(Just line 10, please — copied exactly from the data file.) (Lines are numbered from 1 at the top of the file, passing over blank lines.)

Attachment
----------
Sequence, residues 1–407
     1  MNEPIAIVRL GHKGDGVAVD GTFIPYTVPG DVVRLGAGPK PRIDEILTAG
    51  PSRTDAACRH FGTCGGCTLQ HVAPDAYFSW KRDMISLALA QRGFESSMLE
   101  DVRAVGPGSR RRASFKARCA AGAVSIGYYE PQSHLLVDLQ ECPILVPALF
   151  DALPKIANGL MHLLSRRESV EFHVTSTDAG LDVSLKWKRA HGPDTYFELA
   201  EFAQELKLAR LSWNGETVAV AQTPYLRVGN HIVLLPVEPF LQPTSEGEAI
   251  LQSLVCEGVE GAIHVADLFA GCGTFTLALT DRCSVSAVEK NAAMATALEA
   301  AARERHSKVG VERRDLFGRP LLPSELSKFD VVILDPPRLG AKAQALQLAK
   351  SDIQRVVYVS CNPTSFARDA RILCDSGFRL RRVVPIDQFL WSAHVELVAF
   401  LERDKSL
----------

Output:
   401  LERDKSL